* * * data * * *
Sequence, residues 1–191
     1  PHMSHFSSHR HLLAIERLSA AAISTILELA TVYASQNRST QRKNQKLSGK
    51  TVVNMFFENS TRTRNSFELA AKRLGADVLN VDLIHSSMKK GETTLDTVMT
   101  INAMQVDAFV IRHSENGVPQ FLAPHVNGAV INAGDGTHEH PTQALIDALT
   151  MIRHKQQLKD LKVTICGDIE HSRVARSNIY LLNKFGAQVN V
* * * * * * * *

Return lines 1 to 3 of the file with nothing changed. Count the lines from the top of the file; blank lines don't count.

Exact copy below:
Sequence, residues 1–191
     1  PHMSHFSSHR HLLAIERLSA AAISTILELA TVYASQNRST QRKNQKLSGK
    51  TVVNMFFENS TRTRNSFELA AKRLGADVLN VDLIHSSMKK GETTLDTVMT